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We all have a role in tackling bigotry

People of the Muslim faith have endured it, too.

The point is that it must end, and each of us has a role to play in halting it. Schools have a role. So do parents and friends, education systems, community groups and, especially, political leaders.

No one is born bigoted. It is learnt behaviour, adopted through observing the language and actions of other people. It might infiltrate our homes and our children’s minds through social media, peers or bad mentors, but it is our duty, always and everywhere, to call it out and condemn it. It is our duty to explain to impressionable young minds why religious and racial discrimination is despicable.

Just a few generations ago, hatred of the Jews – and of homosexuals and gypsies and the disabled and mentally unwell – was promoted as a philosophical ideal by a fascist dictator who utilised the machinery of government to murder many millions of people.

We must never forget what happened before, during and immediately after the Second World War, in Germany, Poland, Ukraine, Lithuania, Latvia, France, Russia, northern Africa and elsewhere. The passage of time does not erase it. Yet religious bigotry and racism continue to be promulgated by far-right political parties, which demonise minorities to press their own misguided causes. It is on the rise and is a universally alarming development.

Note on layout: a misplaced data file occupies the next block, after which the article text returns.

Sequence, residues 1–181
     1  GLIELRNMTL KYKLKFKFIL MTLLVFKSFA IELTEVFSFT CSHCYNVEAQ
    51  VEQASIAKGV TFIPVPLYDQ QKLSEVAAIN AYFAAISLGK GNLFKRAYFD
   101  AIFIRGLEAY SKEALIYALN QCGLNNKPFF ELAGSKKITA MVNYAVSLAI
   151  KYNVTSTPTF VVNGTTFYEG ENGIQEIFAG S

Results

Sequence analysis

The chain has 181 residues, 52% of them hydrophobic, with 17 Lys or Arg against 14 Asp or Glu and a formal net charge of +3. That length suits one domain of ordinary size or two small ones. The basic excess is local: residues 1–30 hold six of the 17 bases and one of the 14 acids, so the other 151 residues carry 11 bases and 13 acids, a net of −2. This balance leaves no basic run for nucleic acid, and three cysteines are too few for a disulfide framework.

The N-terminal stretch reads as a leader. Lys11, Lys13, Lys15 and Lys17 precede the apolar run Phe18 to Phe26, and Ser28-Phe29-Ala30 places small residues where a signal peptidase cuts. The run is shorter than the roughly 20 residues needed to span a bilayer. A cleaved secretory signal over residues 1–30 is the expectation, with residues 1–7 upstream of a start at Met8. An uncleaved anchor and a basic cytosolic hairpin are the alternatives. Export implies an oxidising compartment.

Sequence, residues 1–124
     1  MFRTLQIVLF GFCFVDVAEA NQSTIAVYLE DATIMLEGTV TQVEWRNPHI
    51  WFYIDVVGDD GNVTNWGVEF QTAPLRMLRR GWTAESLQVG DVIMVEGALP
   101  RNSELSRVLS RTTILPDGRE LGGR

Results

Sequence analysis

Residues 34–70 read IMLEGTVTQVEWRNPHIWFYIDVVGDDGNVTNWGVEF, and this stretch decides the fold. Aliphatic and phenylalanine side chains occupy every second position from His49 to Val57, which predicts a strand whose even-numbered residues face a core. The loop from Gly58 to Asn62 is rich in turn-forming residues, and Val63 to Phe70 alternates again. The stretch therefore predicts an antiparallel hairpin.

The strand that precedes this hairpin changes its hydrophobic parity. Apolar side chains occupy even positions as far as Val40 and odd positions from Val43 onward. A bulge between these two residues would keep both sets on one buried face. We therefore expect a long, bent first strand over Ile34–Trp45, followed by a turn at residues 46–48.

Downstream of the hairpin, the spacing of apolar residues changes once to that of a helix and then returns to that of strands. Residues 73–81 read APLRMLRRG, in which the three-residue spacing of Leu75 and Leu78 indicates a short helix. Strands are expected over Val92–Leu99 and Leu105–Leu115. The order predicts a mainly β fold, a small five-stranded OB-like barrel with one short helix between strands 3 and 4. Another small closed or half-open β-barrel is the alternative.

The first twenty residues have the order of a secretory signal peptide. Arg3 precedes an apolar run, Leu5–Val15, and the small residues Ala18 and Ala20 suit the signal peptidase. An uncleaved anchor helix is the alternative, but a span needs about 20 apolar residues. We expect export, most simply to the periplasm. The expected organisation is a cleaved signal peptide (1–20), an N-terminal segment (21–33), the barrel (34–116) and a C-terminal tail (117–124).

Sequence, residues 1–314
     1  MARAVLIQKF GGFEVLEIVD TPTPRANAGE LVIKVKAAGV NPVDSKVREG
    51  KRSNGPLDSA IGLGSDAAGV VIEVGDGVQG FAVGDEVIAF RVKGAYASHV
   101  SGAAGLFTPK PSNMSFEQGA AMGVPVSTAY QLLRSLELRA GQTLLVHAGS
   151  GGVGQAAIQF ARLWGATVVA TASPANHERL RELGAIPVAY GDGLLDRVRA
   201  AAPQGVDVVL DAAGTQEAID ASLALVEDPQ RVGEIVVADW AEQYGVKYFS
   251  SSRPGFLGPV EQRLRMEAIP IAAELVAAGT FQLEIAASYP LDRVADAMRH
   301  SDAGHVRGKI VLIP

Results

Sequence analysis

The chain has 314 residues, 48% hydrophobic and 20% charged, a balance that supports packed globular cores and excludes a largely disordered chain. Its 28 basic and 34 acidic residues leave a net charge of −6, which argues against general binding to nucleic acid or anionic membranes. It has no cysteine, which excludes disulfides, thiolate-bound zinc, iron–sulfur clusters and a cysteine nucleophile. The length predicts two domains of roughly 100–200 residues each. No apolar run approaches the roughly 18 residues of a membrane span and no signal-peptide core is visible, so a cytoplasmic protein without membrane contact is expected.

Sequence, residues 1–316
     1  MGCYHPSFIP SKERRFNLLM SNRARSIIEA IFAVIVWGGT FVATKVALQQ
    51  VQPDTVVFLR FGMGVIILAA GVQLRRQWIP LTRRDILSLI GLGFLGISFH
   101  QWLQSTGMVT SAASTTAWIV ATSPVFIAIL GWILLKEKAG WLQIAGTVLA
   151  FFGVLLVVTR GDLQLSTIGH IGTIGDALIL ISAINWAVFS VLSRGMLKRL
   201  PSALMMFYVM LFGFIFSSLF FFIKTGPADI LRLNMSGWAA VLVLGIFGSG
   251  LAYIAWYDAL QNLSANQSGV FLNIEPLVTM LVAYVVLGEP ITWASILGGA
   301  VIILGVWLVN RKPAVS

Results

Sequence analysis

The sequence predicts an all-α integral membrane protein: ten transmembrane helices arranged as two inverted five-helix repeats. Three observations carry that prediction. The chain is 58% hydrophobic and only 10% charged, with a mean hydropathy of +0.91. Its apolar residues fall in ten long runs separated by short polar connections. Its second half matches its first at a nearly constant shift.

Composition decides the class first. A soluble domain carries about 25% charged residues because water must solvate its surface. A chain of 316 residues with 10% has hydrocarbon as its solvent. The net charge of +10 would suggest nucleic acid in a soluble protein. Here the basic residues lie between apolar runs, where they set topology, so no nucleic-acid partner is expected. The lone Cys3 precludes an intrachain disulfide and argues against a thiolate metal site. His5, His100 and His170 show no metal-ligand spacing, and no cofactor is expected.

There have been many more instances of anti-Semitic propaganda in recent months, as Dvir Abramovich, of the Anti-Defamation Commission, has previously pointed out. Swastikas were daubed on a Jewish aged-care home in Caulfield and on playground equipment in suburban McKinnon. Treasurer Josh Frydenberg’s electoral campaign posters were also plastered with swastikas.

Such grotesque abuse deserves absolute condemnation and the denunciation must get louder each time.

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Our nation was built on waves of immigration, on people of all colours and all religious faiths coming from all over the globe. They came in the hope, initially, of finding wealth, freedom and a new land. In later years, they came for shelter and peace, fleeing war or national upheaval, discrimination and murderous tyrannies.

Australia is a far better nation for having embraced multicultural and multi-faith diversity, and for continuing to do so. But our leaders need to stand shoulder to shoulder and tell every Australian that religious and racial vilification is never acceptable nor excusable. To say nothing is akin to acceptance.

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